It may be objected that this argument would have no weight with Protestants. What of that? Are we to abandon our old standard of interpretation, our "Catholic analogy," because, for-sooth, we cannot induce "those who are without" to view things from our standpoint? Let our adversaries prove that our interpretation is false; for the burden of proof is upon them.
But we have a fourth argument, of which every historian must feel the force. I refer to the establishment of the Patriarchate of Constantinople. In my last argument, I took for granted that the only foundation upon which a Patriarchate could legitimately rest was the consent of the Roman Pontiff This assertion we are able historically to make good, by observing a Patriarchate in process of crystallization.
Shortly after the date of the Nicene Council, the little town of Byzantium was by the genius of Constantine metamorphosed into Constantinople, the New Rome and Mistress of the East. With the magnitude of the city grew the importance and pretensions of its bishop, who now became the emperor's ecclesiastical adviser, the arbiter of bishops, the chief organizer of missionary expeditions, and the president of politico-ecclesiastical assemblies. A dignitary of such importance seemed to the emperor, the senate, the metropolitan clergy, and the Eastern bishops,  to be deserving of the highest honor. Hence the second General Council (AD 381), in its third Canon, decreed that "the Bishop of Constantinople should rank in the Church next after tile Bishop of Rome," giving as its reason that Constantinople was a new Rome.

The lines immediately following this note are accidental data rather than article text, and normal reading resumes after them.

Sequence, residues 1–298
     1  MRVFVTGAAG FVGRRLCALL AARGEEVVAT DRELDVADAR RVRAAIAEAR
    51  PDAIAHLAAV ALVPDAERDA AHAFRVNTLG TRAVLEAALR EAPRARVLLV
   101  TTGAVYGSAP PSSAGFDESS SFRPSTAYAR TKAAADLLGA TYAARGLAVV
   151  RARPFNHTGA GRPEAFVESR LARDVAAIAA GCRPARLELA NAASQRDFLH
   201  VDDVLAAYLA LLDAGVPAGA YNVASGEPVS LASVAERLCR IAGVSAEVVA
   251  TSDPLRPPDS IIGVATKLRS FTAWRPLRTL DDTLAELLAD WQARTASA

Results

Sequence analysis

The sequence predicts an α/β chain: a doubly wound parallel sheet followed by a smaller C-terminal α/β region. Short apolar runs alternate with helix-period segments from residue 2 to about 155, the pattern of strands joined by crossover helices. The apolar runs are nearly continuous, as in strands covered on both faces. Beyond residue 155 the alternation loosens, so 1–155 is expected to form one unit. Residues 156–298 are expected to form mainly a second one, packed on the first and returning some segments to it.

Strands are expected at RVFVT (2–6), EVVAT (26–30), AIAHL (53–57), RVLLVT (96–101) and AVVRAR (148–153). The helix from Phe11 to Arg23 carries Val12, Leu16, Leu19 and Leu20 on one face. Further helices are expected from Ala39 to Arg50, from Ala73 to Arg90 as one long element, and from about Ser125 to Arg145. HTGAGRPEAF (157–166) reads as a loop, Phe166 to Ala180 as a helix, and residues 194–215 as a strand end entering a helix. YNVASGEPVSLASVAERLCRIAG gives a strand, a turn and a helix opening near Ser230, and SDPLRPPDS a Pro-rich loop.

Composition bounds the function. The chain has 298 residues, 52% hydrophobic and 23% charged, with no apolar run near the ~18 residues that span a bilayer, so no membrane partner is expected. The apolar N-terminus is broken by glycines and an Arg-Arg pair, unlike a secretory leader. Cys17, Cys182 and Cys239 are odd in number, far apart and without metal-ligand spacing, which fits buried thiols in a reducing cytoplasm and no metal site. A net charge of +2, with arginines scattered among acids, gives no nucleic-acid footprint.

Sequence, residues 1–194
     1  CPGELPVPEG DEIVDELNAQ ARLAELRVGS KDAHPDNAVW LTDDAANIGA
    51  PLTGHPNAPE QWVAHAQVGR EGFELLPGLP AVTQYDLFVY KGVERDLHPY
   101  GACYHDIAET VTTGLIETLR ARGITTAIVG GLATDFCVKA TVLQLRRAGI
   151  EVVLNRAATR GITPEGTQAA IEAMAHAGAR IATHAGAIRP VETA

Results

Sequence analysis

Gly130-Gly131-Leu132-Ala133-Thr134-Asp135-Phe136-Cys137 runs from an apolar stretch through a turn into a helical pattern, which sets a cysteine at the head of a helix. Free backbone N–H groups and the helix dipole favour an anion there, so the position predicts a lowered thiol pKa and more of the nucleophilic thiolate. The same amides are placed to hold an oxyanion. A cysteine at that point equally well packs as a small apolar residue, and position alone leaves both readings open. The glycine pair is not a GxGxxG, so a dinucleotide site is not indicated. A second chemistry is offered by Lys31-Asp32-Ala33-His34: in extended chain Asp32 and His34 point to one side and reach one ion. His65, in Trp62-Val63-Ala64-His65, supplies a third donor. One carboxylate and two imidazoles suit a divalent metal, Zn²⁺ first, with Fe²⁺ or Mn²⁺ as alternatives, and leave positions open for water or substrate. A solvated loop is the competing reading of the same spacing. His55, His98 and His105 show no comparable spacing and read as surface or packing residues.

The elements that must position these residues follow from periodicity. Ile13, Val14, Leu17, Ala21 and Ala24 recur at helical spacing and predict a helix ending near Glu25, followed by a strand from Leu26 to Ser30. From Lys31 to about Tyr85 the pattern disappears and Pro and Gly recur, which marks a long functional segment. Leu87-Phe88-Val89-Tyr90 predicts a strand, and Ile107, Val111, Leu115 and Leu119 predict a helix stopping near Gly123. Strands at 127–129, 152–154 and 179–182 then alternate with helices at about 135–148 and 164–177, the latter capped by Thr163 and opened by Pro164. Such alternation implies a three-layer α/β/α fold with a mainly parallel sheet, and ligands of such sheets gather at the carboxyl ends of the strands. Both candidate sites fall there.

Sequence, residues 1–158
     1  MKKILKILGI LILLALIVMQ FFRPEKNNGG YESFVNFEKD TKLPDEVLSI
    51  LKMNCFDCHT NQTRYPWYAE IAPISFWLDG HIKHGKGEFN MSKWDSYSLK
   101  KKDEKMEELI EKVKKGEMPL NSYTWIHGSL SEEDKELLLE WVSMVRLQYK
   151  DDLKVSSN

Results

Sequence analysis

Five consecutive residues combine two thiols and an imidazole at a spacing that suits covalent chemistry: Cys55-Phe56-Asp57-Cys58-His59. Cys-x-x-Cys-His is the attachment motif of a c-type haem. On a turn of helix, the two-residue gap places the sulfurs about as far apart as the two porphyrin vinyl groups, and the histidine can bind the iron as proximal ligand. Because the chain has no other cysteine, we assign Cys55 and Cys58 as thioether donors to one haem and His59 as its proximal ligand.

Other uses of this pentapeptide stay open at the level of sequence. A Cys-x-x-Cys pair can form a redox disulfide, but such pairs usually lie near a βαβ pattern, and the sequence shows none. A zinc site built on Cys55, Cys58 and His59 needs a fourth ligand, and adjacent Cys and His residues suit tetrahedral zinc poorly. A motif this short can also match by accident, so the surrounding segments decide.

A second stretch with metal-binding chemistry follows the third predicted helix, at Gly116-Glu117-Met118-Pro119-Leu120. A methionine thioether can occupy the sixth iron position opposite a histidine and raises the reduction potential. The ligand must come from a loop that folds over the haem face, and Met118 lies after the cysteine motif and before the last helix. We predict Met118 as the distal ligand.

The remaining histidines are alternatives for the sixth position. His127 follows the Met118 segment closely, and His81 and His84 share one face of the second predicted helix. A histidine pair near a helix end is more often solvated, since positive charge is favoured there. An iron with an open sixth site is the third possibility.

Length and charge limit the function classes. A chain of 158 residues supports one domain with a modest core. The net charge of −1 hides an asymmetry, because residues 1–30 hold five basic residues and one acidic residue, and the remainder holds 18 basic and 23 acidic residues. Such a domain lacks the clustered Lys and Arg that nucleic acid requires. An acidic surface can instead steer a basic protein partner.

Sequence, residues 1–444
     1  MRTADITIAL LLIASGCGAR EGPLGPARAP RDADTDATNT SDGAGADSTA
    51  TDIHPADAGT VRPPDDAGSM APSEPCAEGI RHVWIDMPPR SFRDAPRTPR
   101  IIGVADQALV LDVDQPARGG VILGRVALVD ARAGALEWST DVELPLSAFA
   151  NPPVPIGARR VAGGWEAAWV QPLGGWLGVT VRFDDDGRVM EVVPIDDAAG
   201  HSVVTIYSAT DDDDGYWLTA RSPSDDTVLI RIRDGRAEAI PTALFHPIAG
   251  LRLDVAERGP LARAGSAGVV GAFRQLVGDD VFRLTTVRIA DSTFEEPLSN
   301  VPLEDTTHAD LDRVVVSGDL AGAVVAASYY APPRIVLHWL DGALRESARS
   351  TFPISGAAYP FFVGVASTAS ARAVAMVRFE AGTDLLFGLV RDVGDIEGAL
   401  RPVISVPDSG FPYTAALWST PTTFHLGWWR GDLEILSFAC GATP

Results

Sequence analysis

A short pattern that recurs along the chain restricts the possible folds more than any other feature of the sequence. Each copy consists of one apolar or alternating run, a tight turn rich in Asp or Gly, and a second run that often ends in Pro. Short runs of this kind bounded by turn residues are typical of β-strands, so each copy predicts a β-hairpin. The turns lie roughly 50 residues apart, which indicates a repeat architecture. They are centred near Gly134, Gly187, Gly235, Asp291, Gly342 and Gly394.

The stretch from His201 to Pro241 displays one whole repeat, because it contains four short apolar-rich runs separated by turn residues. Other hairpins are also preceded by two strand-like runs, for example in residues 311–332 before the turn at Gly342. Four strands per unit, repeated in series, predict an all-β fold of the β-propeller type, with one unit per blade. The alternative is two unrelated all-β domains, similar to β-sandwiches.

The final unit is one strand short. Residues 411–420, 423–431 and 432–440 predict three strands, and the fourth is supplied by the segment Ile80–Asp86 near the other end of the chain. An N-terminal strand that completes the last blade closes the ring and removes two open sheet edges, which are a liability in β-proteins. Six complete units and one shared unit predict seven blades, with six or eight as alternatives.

But this canon never obtained the (bebeiosis kai sugkathesis) -- the confirmation and consent-of the Roman Bishop, without which even the Byzantine was conscious that his authority was founded on the sand. Hence, in the fourth Council, taking advantage, as St. Leo has remarked, of the prostrate position of the churches of Alexandria and Antioch,  the Bishop of New Rome, Anatolius, made a desperate attempt to gain a more solid footing for his Patriarchate. Pope Leo, in anticipation of this, had strictly enjoined his legates "not to suffer the Nicene Decree to be violated." The Fathers of the Council, however, -- some no doubt for political motives, others because they were given to understand that Leo was not so much opposed to the innovation as his legates would have them believe, -- granted the Byzantine the desire of his heart. But now the more serious task remained of inducing the Pope to ratify the decision of the Council.